The radio frequency receiver 207 is configured to detect a particular spatial relationship between the first 205 and second 206 radio frequency devices. The particular spatial relationship between the first 205 and second 206 radio frequency devices may indicate that the buckle 203 and the tongue 204 are properly fastened together. Alternatively, the particular spatial relationship between the first 205 and second 206 radio frequency device may indicate other conditions of the seat belt system 201. In one embodiment, the particular spatial relationship indicates that the webbing 202 is placed behind a passenger while the buckle 203 and the tongue 204 are fastened together. In an alternative embodiment, the particular spatial relationship indicates that the buckle 203 and the tongue 204 while being near one another are not properly engaged. In other embodiments, various proximities may indicate other types of misuse such as the buckle 203 being disengaged from the tongue 204 while the vehicle is moving.

The detection may be accomplished in a variety of different ways. In one embodiment, the particular spatial relationship of the first 205 and second 206 radio frequency devices is determined by the strength of each individual signal transmitted or reflected by the first 205 and second 206 radio frequency devices. A calculation from these strengths may be performed to determine their approximate position relative to the radio frequency receiver 207 and to one another. In another embodiment, an alteration of each signal transmitted or reflected by the first 205 and second 206 radio frequency devices because of movement within the vehicle is detected by the radio frequency receiver 207, and calculations may be performed based on these alterations to determine the approximate location of the first 205 and second 206 radio frequency devices relative to the radio frequency receiver 207 and to one another.

In yet other embodiments, the radio frequency receiver 207 interrogates or “pings” each of the first 205 and second 206 radio frequency devices. In such an embodiment, the first radio frequency device 205 responds to the radio frequency receiver 207 with a signal. Similarly, the second radio frequency device 206 responds to the radio frequency receiver 207. In some embodiments, each of the signals from the first radio frequency device 205 and the second radio frequency device 206 interact with one another to create a single detectable signal. In some embodiments, when the first 205 and second 206 radio frequency devices are sufficiently close to one another, a particular “unique” signal or range of “uniquely” identifiable signals is created and detected by the radio frequency receiver 207, thereby indicating that the first 205 and second 206 radio frequency devices are close to one another. In other embodiments, when the first 205 and the second 206 radio frequency devices are sufficiently close to one another, the signal from the first 205 and the second 206 frequency devices cancel each other out. Accordingly, the radio frequency receiver 207 detects the cancellation of the signals previously transmitted or reflected by the first 205 and second 206 radio frequency devices and determines that the first 205 and second 206 radio frequency devices are close to one another.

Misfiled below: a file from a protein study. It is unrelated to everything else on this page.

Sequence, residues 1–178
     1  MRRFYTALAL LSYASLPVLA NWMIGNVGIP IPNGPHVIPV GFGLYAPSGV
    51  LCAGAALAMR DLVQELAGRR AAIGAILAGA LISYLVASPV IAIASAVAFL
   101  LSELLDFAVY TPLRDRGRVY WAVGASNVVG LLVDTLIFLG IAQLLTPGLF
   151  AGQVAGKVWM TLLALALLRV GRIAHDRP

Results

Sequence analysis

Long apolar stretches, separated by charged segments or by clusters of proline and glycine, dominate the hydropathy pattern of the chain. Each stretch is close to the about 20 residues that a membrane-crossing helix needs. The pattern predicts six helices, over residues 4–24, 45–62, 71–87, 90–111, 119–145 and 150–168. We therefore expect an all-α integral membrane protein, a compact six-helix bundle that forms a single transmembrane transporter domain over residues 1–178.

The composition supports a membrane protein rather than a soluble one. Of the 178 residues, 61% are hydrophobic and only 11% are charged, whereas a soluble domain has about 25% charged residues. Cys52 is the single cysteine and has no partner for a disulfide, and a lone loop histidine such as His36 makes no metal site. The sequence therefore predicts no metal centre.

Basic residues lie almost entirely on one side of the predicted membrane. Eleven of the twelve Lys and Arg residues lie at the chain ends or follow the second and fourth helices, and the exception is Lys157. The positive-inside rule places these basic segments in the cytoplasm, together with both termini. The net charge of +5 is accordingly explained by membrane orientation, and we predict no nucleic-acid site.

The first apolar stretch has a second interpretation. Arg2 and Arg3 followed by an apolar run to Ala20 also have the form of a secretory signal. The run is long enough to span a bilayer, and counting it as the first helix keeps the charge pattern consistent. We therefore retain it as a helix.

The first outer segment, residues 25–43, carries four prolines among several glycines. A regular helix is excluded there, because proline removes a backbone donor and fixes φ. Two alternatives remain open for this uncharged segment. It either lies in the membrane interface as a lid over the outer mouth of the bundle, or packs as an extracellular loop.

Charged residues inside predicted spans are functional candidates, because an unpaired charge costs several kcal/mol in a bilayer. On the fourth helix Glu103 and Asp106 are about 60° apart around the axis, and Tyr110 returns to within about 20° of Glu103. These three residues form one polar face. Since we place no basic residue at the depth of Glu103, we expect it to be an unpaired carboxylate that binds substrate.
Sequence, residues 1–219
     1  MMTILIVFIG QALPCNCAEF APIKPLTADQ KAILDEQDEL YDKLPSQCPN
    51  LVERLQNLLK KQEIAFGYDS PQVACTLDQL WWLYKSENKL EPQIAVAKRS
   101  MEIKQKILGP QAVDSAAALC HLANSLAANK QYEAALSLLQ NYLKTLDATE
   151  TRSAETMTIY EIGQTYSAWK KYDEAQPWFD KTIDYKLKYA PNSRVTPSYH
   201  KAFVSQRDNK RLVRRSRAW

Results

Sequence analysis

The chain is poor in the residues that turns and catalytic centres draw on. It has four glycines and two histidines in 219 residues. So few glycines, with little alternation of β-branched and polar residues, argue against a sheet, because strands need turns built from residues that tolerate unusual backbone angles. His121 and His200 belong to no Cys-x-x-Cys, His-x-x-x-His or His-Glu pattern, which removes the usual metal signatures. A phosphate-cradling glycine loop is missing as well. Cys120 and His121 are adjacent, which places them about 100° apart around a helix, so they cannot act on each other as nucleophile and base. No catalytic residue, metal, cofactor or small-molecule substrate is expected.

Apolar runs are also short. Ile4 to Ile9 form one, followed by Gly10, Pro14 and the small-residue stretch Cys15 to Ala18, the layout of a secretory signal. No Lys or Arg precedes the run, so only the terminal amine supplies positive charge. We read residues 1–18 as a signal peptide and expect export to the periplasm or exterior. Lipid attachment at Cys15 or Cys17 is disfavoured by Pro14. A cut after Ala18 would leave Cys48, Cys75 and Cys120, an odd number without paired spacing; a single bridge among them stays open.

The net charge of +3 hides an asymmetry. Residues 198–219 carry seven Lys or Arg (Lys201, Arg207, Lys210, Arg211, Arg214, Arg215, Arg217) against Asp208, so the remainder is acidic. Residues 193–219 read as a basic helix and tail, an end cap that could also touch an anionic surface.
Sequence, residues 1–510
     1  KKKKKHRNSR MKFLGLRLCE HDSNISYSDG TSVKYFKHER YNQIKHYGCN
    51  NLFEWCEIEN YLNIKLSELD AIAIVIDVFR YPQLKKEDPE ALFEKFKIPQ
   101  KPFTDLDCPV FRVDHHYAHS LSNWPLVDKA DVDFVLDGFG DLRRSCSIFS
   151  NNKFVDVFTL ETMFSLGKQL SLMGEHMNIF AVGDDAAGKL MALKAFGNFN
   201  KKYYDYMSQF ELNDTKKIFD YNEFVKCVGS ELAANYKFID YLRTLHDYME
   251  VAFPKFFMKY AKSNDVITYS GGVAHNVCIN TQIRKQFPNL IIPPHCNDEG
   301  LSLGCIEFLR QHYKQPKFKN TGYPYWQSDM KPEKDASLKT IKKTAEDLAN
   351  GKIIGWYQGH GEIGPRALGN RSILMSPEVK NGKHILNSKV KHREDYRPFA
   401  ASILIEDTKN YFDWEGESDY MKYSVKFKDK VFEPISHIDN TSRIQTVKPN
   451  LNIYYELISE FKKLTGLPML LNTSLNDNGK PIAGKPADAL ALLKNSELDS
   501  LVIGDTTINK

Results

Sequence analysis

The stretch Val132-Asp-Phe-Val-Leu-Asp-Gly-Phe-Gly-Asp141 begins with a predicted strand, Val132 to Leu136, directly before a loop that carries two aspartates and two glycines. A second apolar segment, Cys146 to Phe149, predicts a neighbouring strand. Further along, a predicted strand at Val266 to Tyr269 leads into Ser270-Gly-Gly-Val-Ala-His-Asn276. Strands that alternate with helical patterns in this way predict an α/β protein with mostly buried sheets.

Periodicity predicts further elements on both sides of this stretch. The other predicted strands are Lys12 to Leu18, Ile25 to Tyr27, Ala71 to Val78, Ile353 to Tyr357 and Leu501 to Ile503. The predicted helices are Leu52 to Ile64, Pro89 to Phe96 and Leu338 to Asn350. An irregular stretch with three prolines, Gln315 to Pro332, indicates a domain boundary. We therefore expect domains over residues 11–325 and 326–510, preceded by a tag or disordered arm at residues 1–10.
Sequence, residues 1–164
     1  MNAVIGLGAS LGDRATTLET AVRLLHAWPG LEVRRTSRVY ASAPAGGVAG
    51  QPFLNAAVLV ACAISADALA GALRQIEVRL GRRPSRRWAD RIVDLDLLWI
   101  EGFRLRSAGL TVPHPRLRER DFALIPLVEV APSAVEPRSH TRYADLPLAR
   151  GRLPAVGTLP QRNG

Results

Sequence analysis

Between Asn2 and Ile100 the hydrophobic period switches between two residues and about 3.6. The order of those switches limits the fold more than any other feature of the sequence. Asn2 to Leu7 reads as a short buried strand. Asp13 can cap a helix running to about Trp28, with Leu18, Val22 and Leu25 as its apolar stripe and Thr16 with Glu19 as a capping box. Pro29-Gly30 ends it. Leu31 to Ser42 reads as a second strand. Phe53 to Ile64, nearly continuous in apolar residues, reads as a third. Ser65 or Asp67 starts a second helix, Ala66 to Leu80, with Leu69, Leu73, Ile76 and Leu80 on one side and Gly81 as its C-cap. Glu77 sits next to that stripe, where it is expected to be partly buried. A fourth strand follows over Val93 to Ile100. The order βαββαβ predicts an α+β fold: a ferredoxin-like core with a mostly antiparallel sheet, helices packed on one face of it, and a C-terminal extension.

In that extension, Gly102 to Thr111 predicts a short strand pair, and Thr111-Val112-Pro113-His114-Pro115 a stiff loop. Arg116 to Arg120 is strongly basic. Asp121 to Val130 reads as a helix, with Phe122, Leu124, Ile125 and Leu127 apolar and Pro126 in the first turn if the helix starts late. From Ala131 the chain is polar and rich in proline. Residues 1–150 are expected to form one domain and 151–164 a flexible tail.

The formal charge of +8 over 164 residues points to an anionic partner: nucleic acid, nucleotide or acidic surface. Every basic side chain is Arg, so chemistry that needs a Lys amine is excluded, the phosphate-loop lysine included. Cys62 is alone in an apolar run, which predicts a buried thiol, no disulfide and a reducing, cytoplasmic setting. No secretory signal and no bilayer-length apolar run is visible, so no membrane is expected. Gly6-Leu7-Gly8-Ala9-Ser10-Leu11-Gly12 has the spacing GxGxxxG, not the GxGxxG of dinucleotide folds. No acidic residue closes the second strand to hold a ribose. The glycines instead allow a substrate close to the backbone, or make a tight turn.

In yet other embodiments, when the first 205 and second 206 radio frequency devices are sufficiently close to one another, each signal from the first 205 and second 206 radio frequency devices may individually characteristically alter the signal of the other, or in the alternative only one of the two signals characteristically alters the other signal. Accordingly, the radio frequency receiver 207 detects the alteration of either signal or both signals previously transmitted or reflected by the first 205 and second 206 radio frequency devices and determines that the first 205 and second 206 radio frequency devices are close to one another. In further embodiments, when the first 205 and second 206 radio frequency devices are sufficiently close to one another, each signal from the first 205 and second 206 radio frequency devices may mask the signal of the other, or in the alternative only one of the two signals masks the other signal. Accordingly, the radio frequency receiver 207 detects the masking of either signal or both signals previously transmitted or reflected by the first 205 and second 206 radio frequency devices and determines that the first 205 and second 206 radio frequency devices are close to one another. In yet further embodiments, when the first 205 and second 206 radio frequency devices are sufficiently close to one another, each signal from the first 205 and second 206 radio frequency devices may individually interrupt the signal of the other, or in the alternative only one of the two signals interrupts the other signal. Accordingly, the radio frequency receiver 207 detects the interruption of either signal or both signals previously transmitted or reflected by the first 205 and second 206 radio frequency devices and determines that the first 205 and second 206 radio frequency devices are close to one another.